'U Street suffix',
    'T Street type',
    'S Secondary unit',
    'B Built-up area or city',
    '1 Region',
    'C Country',
    'P Postal code',
    'P Postal add-on code'
  element_match varchar2(128);
  element_match_code char(1);

  if address is not null then
    dbms_output.put_line ('- ID                  ' || address.ID);
    dbms_output.put_line ('- ADDRESSLINES');
    if address.addresslines is not null then
      for i in 1..address.addresslines.count() loop
        dbms_output.put_line ('- ADDRESSLINES['||i||']           ' || address.ADDRESSLINES(i));
      end loop;
    end if;
    dbms_output.put_line ('- PLACENAME           ' || address.PLACENAME);
    dbms_output.put_line ('- STREETNAME          ' || address.STREETNAME);
    dbms_output.put_line ('- INTERSECTSTREET     ' || address.INTERSECTSTREET);
    dbms_output.put_line ('- SECUNIT             ' || address.SECUNIT);
    dbms_output.put_line ('- SETTLEMENT          ' || address.SETTLEMENT);
    dbms_output.put_line ('- MUNICIPALITY        ' || address.MUNICIPALITY);
    dbms_output.put_line ('- REGION              ' || address.REGION);
    dbms_output.put_line ('- COUNTRY             ' || address.COUNTRY);
    dbms_output.put_line ('- POSTALCODE          ' || address.POSTALCODE);
    dbms_output.put_line ('- POSTALADDONCODE     ' || address.POSTALADDONCODE);
    dbms_output.put_line ('- FULLPOSTALCODE      ' || address.FULLPOSTALCODE);
    dbms_output.put_line ('- POBOX               ' || address.POBOX);
    dbms_output.put_line ('- HOUSENUMBER         ' || address.HOUSENUMBER);
    dbms_output.put_line ('- BASENAME            ' || address.BASENAME);
    dbms_output.put_line ('- STREETTYPE          ' || address.STREETTYPE);
    dbms_output.put_line ('- STREETTYPEBEFORE    ' || address.STREETTYPEBEFORE);
    dbms_output.put_line ('- STREETTYPEATTACHED  ' || address.STREETTYPEATTACHED);
    dbms_output.put_line ('- STREETPREFIX        ' || address.STREETPREFIX);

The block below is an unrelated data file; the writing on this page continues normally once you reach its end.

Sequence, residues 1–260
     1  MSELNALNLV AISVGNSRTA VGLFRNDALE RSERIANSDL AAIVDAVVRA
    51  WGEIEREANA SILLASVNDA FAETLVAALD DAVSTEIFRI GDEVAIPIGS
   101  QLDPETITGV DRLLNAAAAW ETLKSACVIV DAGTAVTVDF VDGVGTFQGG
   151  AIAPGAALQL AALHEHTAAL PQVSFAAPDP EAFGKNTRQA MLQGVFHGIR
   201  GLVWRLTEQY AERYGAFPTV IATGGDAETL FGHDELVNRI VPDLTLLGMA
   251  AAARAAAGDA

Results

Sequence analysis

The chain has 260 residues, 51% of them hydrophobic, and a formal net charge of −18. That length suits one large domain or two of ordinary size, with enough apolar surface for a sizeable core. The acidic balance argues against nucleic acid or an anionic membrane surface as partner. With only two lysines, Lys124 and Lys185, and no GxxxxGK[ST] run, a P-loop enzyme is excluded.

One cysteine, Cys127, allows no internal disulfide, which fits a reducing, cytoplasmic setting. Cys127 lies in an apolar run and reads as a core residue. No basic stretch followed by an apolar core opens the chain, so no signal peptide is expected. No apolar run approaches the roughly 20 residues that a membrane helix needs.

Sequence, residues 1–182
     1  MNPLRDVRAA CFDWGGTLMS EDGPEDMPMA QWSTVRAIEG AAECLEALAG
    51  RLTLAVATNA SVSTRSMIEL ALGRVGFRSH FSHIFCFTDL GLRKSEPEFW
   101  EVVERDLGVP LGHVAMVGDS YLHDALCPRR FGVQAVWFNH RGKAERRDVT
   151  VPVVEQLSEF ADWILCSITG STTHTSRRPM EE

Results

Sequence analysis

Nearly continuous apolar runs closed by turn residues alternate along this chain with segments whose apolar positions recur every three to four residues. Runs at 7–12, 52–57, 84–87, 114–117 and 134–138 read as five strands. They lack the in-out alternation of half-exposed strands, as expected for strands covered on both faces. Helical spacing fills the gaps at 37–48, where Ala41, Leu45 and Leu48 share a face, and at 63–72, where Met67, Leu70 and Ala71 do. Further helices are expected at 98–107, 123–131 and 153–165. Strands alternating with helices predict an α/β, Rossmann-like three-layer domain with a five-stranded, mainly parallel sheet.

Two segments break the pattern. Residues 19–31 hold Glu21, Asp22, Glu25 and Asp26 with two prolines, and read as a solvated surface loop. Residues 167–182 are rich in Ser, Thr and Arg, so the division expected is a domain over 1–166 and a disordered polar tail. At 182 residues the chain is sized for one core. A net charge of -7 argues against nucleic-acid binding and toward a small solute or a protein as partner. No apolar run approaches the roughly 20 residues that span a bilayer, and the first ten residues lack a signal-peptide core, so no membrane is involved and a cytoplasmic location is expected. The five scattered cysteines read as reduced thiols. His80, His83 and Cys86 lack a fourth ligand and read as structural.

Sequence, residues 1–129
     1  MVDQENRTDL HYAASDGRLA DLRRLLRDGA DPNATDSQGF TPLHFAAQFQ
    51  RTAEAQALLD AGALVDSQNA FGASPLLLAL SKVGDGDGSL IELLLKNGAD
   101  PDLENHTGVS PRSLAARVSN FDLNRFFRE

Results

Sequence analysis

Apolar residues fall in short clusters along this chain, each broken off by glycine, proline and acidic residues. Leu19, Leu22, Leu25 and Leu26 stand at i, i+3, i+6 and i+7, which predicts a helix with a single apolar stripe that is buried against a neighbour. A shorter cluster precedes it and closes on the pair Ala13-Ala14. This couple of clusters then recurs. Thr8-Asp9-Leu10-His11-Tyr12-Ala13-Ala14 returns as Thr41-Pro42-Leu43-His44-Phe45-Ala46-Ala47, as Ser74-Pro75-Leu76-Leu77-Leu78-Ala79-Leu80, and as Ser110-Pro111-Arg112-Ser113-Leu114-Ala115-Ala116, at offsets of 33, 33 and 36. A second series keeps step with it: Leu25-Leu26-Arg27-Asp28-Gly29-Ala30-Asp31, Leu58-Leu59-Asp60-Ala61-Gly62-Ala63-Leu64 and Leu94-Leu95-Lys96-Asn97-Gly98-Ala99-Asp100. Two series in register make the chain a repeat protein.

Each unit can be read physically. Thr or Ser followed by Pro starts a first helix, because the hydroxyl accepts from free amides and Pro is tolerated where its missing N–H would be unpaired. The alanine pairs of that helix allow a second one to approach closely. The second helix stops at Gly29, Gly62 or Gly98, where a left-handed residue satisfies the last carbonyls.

dbms_output.put_line ('- STREETSUFFIX        ' || address.STREETSUFFIX);
    dbms_output.put_line ('- SIDE                ' || address.SIDE);
    dbms_output.put_line ('- PERCENT             ' || address.PERCENT);
    dbms_output.put_line ('- EDGEID              ' || address.EDGEID);
    dbms_output.put_line ('- ERRORMESSAGE        ' || address.ERRORMESSAGE);
    if address.MATCHVECTOR is not null then
      dbms_output.put_line ('- MATCHVECTOR         ' || address.MATCHVECTOR);
      for i in 1..length(address.MATCHVECTOR) loop
        if address_elements(i) is not null then
          if substr (address.matchvector,i,1) = '?' then
            element_match_code := 0;
            element_match_code := substr(address.matchvector,i,1) + 1;
          end if;
          dbms_output.put_line ('-   '|| substr(address.errormessage,i,1)  || ' ' ||
            match_names (element_match_code + 1) || ' ' ||
            address_elements (i)
        end if;
      end loop;
    end if;
    if address.MATCHVECTOR is not null then
      dbms_output.put_line ('- MATCHCODE           ' || address.MATCHCODE || ' = ' ||
        case address.MATCHCODE
          when  0 then 'Ambiguous'
          when  1 then 'Exact match'
          when  2 then 'Street type not matched'
          when  3 then 'House number not matched'
          when  4 then 'Street name not matched'
          when 10 then 'Postal code not matched'
          when 11 then 'City not matched'
    end if;
    dbms_output.put_line ('- MATCHMODE           ' || address.MATCHMODE);
    dbms_output.put_line ('- LONGITUDE           ' || address.LONGITUDE);
    dbms_output.put_line ('- LATITUDE            ' || address.LATITUDE);
    dbms_output.put_line ('**** NO MATCH ****');
  end if;
show errors

create or replace procedure format_addr_array (
  address_list SDO_ADDR_ARRAY

  if address_list is not null and address_list.count() > 0 then
    for i in 1..address_list.count() loop
      dbms_output.put_line ('ADDRESS['||i||']');
      format_geo_addr (address_list(i));
    end loop;
    dbms_output.put_line ('**** NO MATCH ****');